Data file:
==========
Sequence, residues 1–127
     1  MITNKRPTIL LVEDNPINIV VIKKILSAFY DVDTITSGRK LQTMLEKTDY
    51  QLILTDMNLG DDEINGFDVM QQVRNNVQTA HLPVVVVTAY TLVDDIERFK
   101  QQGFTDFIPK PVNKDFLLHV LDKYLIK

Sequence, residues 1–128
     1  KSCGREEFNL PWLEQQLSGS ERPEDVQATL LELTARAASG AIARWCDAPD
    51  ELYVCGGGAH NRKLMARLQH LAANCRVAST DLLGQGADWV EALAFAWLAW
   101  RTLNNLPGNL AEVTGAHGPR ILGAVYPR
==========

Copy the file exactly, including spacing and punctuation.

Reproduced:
Sequence, residues 1–127
     1  MITNKRPTIL LVEDNPINIV VIKKILSAFY DVDTITSGRK LQTMLEKTDY
    51  QLILTDMNLG DDEINGFDVM QQVRNNVQTA HLPVVVVTAY TLVDDIERFK
   101  QQGFTDFIPK PVNKDFLLHV LDKYLIK

Sequence, residues 1–128
     1  KSCGREEFNL PWLEQQLSGS ERPEDVQATL LELTARAASG AIARWCDAPD
    51  ELYVCGGGAH NRKLMARLQH LAANCRVAST DLLGQGADWV EALAFAWLAW
   101  RTLNNLPGNL AEVTGAHGPR ILGAVYPR